State Senate Majority Leader Andrea Stewart-Cousins repeatedly refused to weigh in Thursday on the $637 million “pay-to-play” scandal engulfing Gov. Kathy Hochul — saying she was satisfied with her fellow Democrat’s vague denial of wrongdoing.
At an unrelated press conference in her district, Stewart-Cousins (D-Yonkers) — who along with Hochul and Assembly Speaker Carl Heastie (D-Bronx) controls the state’s legislative agenda — wouldn’t answer a question from The Post about Republican demands for the Legislature to launch probes into the COVID-19 test contracts awarded to one of Hochul’s top campaign donors.
“I don’t have a comment on that,” Stewart-Cousins said.
“I certainly know the GOP has called for it, and they said — obviously, I think the governor has answered. At this point I’m not responding.”
The state’s No. 3 elected official also wouldn’t respond when reminded by the same reporter of her partisan attacks over the 2015 corruption conviction of Republican predecessor Dean Skelos, or address a recent accusation by Assembly Minority Leader William Barclay (R-Fulton) that Democratic legislators were “covering up for one of their own.”
“I don’t really have anything that I can enlighten you with right now,” Stewart-Cousins responded.
Heastie didn’t return a request for comment regarding a potential probe.
Hochul, who faces challenger Rep. Lee Zeldin (R-Long Island) in the Nov. 8 election, has been on the defensive since it was revealed in July that New Jersey-based Digital Gadgets was paid $637 million to supply the state with 52 million COVID-19 test kits.
The consumer technology company is owned by Manhattan resident Charlie Tebele, who, with his family, has contributed about $330,000 to Hochul’s campaign.
Tebele’s no-bid contracts charged New York an average of $12.25 per kit, over 80% more than the $6.75 that California paid for the exact same at-home rapid tests, according to the Albany Times Union, which first exposed the deal.
Earlier this week, the paper also revealed Hochul suspended competitive-bidding rules for the purchase of pandemic-related supplies just four days after Tebele hosted a Nov. 22 fundraiser for her.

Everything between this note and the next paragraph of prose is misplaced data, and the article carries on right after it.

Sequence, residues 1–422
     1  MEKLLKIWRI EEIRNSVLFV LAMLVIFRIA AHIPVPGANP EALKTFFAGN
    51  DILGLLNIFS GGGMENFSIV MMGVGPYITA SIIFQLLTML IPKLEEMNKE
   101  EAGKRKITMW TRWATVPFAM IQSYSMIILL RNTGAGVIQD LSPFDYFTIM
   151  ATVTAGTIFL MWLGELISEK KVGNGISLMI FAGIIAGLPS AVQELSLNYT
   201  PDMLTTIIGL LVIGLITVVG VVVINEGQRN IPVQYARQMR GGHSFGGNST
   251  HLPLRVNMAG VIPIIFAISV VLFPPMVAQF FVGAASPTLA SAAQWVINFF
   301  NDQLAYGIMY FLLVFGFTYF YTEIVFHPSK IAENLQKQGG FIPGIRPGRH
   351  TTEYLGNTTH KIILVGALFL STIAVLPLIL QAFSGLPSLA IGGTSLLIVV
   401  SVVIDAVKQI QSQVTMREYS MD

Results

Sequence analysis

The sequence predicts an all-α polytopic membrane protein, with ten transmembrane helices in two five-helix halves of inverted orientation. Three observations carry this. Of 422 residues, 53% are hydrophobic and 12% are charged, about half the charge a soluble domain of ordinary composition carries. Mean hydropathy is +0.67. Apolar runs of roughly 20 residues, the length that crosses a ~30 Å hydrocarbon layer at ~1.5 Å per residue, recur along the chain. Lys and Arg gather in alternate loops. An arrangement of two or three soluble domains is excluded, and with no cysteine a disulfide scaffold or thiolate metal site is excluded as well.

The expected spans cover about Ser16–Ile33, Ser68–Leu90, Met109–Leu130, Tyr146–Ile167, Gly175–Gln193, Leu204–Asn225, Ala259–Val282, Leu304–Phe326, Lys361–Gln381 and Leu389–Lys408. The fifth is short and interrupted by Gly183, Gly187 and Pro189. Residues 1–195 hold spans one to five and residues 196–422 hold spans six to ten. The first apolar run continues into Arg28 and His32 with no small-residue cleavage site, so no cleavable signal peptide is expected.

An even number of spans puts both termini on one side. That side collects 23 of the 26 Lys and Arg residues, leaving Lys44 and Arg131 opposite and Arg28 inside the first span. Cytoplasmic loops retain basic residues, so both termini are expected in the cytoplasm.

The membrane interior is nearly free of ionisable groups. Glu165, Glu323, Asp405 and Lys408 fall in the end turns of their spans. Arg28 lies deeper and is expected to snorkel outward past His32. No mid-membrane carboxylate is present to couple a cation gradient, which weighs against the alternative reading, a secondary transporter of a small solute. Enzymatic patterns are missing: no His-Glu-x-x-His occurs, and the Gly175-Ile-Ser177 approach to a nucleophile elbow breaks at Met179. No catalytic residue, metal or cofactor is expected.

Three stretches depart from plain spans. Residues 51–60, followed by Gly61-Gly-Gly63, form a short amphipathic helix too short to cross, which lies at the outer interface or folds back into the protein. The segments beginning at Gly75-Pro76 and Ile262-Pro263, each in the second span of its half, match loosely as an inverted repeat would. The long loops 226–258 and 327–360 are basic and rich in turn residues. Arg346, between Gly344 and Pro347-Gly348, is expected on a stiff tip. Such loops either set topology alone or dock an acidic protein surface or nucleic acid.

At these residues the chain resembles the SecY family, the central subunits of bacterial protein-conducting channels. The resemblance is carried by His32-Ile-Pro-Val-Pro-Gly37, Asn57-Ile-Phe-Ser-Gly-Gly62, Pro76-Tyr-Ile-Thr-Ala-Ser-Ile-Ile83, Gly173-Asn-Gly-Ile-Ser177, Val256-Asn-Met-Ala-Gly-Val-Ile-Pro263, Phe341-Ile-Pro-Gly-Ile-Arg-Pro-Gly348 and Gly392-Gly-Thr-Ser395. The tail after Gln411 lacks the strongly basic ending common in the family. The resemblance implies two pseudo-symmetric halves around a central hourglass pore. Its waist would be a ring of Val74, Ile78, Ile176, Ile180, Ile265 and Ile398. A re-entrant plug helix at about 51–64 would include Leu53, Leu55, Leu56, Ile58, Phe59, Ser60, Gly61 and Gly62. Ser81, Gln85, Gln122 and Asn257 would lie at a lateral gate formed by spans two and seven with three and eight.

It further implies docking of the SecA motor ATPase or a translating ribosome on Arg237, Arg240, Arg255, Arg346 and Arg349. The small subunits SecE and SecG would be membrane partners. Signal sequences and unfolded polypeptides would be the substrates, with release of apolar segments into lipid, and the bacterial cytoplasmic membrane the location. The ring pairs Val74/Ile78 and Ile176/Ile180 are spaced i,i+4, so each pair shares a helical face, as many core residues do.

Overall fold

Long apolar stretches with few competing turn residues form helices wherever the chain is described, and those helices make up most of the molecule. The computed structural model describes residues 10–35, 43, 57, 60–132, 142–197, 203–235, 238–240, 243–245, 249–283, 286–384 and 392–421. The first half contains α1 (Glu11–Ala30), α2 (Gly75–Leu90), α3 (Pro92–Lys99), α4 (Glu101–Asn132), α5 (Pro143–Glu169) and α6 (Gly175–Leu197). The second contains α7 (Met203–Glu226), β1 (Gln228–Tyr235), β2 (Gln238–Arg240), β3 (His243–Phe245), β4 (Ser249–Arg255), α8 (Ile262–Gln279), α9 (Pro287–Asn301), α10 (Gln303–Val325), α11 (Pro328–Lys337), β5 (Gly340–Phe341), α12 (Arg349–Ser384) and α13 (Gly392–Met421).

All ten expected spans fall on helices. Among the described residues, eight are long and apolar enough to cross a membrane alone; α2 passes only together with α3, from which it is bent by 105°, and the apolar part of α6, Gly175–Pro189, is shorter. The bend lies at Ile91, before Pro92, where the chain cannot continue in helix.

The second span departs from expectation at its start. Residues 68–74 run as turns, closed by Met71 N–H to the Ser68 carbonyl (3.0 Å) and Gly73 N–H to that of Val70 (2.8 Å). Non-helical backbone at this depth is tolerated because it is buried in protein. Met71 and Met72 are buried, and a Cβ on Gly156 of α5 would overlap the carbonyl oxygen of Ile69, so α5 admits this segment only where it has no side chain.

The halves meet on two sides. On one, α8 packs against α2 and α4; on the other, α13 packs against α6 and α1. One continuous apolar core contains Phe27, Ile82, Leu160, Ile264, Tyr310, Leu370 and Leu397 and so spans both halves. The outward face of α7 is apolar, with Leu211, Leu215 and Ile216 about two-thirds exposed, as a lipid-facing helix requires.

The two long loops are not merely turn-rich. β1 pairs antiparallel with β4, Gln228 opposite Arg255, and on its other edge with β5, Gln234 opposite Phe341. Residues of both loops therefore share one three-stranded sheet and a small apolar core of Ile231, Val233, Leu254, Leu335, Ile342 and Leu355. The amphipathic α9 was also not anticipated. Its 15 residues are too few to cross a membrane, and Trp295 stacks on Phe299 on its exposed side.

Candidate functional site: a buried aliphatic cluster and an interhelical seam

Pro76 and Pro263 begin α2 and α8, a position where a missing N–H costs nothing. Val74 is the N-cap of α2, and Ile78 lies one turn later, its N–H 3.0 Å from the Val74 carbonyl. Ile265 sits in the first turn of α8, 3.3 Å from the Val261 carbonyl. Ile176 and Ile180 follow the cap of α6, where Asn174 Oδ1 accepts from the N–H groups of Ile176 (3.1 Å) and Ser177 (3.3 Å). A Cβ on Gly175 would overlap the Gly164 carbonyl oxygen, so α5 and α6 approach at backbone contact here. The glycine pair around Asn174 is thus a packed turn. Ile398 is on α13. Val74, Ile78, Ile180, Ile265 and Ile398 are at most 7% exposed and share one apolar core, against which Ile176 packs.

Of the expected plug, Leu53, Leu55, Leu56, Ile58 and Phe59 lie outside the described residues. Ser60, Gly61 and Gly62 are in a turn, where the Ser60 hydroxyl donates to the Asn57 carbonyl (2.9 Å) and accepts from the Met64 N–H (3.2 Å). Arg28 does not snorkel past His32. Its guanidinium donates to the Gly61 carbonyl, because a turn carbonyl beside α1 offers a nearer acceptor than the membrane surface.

The payments to his company began a month later, according to the Times Union.
In her most extensive public comments to date about the deal with Digital Gadgets, Hochul insisted to reporters on July 20, “I was not aware that this was a company that had been supportive of me.”
“I don’t keep track of that. My team, they have no idea,” she added.
State Republican Chairman Nick Langworthy, an upstate Congressional candidate, called Democratic refusals to investigate Hochul “a prime example of the cozy, corrupt cabal that we are trying to break up by returning balance and accountability to Albany.”
“Democrats have all turned a blind eye to each other’s corruption and Hochul knows she doesn’t have to answer to the legislature or [Democratic Attorney General Letitia James], butt we are urging voters who are sick of the corruption to take their power back and throw her out of office this November,” he said.
US Rep. Nicole Malliotakis (R-Staten Island, Brooklyn), a former member of the state Assembly, said Stewart-Cousins “should care that her constituents are being fleeced by our governor and forced to pay twice as much for COVID tests sold to the state by one of her biggest campaign donors.”
“This is corruption and New Yorkers deserve answers and accountability,” she added.
Senate Minority Leader Rob Ortt (R-Lockport) accused Democrats in his chamber of “giving a pass to corruption within their own party.”
“If the Senate Democrats want to have any credibility when it comes to restoring the people’s faith in their government, they will stop being complicit and begin an immediate investigation into these disturbing allegations,” he said.
Former Republican US Sen. Al D’Amato called the Digital Gadgets deal “incredible” and said Hochul was making her predecessor — former Gov. Andrew Cuomo, who resigned over sexual harassment allegations — “look like a choir boy.”
“New York spent twice as much as California. It’s criminal,” he said.
“She sold herself for $300,000 in contributions.”
US Rep. Elise Stefanik (R-Glens Falls) predicted that “Stewart-Cousins’ dismissal of corrupt Kathy Hochul’s pay-for-play scheme is why Republicans will surge to victory across New York State this November.”
“New Yorkers have had enough of the rampant corruption in Albany,” she said.
Meanwhile, John Kaehny, executive director of the Reinvent Albany reform group, said he thought it was politically “prudent” for Stewart-Cousins to remain mum because “it’s a few months out from the election and she doesn’t want to give the other party something to run with.”
“There’s still a lot of basic questions around this that if I was the Senate leader I’d want to know: How did this come to pass? What were the conversations with Tebele?” he said.
“She could also say that it behooves the governor to come clean on this and dispel these accusations.”
Kaehny also said his group has “called for a federal investigation because the test kits were purchased with federal money” and because “the federal government is better equipped to thoroughly investigate this.”
When asked for comment, Hochul’s press secretary referred to a Tuesday statement that denied Tebele’s donations had an effect on his contracts and said the governor “did not oversee the procurement process and was not involved in the day-to-day procurement decisions.”
“She simply instructed her team to purchase as many available tests as possible to meet the tremendous need across the state, and they did exactly that to keep New Yorkers safe,” the statement said.
A James spokesperson declined to comment.